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Jeremiah 15:10-21 – More Laments from Jeremiah


Jeremiah voices two laments to God that suggest a crisis of calling for Jeremiah (15:10, 15-18), and God responds to each (15:11-14, 19-21).


Jeremiah is dismayed that the people to whom he is called to preach are so critical of what he does and says. In his view, everyone is out to get him, even his family and friends! Indeed, he is persecuted and brought to trial (26; 36-38). He has not sought conflict, but the word of God that he speaks does just this. God responds with words of assurance, though the conflict is not going to disappear.

Jeremiah continues in his lamenting (15:15-18). He petitions God to remember him during this time of oppression and rescue him from his persecutors. He gives God reasons to act on his behalf (15:15c-17). In effect, God is responsible for putting him in this conflicted situation, not least by the word of wrath that he has been called to speak, and God has made commitments to him. Jeremiah has been faithful to his calling, and his daily life has been commensurate with the message he has brought. He pours out his "Why?!" questions to God (15:18) in view of the pain he is suffering. Even more, he reproaches God: Why is God like a deceitful brook, which appears from a distance to have water, but turns out to be dry? Where is God when Jeremiah needs relief from his suffering?

God's reply has occasioned differing interpretations (15:19-21). Some think God is disciplining him for his questions and is calling him to repentance. Another approach seems preferable. Jeremiah, standing within the lament tradition, voices concerns that are common in such texts (for example, Psalm 22:1-2). Jeremiah's call is in some kind of crisis, and God's word is intended to jolt him out of his dispiritedness. But Jeremiah has not sinned in what he has said and has no need to repent for it. God's basic word to Jeremiah is: Get on with it! Face up to the difficulties! Using a matter-of-fact condition, God says: If Jeremiah does so, he will indeed be serving God's purposes. God extends words of reassurance and reaffirmation to him (Jeremiah 15:20-21).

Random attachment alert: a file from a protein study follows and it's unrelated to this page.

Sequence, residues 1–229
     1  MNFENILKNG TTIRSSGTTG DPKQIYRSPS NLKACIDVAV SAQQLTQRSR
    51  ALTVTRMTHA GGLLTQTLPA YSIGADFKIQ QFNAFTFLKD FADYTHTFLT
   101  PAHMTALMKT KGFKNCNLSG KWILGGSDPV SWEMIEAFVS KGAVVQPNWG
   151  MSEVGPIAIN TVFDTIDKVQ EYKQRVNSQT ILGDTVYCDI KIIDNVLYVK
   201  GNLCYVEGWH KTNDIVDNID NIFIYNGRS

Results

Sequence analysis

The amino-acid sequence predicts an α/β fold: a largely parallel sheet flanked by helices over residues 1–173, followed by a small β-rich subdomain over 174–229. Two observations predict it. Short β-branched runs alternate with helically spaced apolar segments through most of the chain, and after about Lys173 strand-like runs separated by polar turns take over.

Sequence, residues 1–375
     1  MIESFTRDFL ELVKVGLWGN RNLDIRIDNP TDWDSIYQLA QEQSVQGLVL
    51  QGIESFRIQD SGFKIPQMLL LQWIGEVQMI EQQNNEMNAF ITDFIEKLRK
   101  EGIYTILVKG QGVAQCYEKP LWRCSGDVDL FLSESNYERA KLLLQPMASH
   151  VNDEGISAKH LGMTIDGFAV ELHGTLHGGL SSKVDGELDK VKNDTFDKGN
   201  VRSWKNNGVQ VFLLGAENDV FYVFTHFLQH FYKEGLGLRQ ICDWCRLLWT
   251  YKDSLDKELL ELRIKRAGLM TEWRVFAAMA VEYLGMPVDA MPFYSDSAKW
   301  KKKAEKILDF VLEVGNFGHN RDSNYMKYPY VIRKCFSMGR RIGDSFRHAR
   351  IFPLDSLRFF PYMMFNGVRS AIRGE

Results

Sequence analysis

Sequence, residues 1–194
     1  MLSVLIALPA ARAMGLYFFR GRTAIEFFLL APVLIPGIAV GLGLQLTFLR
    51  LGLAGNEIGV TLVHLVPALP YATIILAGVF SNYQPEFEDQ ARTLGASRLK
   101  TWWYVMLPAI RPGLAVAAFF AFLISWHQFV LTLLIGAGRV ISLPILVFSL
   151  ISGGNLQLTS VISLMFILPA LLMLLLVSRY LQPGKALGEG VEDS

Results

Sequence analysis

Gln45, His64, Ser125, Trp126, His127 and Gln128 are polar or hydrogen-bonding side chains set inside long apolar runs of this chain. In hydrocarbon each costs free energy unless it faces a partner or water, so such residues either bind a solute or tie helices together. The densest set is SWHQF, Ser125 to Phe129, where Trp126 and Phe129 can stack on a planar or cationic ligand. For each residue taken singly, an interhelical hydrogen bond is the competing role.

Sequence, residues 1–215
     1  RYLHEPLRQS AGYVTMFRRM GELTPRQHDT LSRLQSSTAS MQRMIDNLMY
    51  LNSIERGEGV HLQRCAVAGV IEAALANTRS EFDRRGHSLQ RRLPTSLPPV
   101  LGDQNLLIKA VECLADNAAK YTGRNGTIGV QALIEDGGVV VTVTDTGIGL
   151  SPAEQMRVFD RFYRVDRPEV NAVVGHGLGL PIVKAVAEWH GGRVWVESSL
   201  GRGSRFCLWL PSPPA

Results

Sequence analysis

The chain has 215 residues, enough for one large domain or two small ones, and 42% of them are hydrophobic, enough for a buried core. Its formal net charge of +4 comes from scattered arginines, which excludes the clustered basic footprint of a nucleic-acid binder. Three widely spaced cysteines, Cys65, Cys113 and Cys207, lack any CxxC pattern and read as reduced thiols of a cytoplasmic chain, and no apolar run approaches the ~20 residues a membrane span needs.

Jeremiah 15:10-21

Jeremiah Complains Again and Is Reassured

10 Woe is me, my mother, that you ever bore me, a man of strife and contention to the whole land! I have not lent, nor have I borrowed, yet all of them curse me. 11The Lord said: Surely I have intervened in your life* for good, surely I have imposed enemies on you in a time of trouble and in a time of distress.* 12Can iron and bronze break iron from the north?

13 Your wealth and your treasures I will give as plunder, without price, for all your sins, throughout all your territory. 14I will make you serve your enemies in a land that you do not know, for in my anger a fire is kindled that shall burn for ever.
15Lord, you know;
   remember me and visit me,
   and bring down retribution for me on my persecutors.
In your forbearance do not take me away;
   know that on your account I suffer insult.
16 Your words were found, and I ate them,
   and your words became to me a joy
   and the delight of my heart;
for I am called by your name,
   O Lord, God of hosts.
17 I did not sit in the company of merrymakers,
   nor did I rejoice;
under the weight of your hand I sat alone,
   for you had filled me with indignation.
18 Why is my pain unceasing,
   my wound incurable,
   refusing to be healed?
Truly, you are to me like a deceitful brook,
   like waters that fail.

19 Therefore, thus says the Lord:
If you turn back, I will take you back,
   and you shall stand before me.
If you utter what is precious, and not what is worthless,
   you shall serve as my mouth.
It is they who will turn to you,
   not you who will turn to them.
20 And I will make you to this people
   a fortified wall of bronze;
they will fight against you,
   but they shall not prevail over you,
for I am with you
   to save you and deliver you,

says the Lord.
21 I will deliver you out of the hand of the wicked,
   and redeem you from the grasp of the ruthless.

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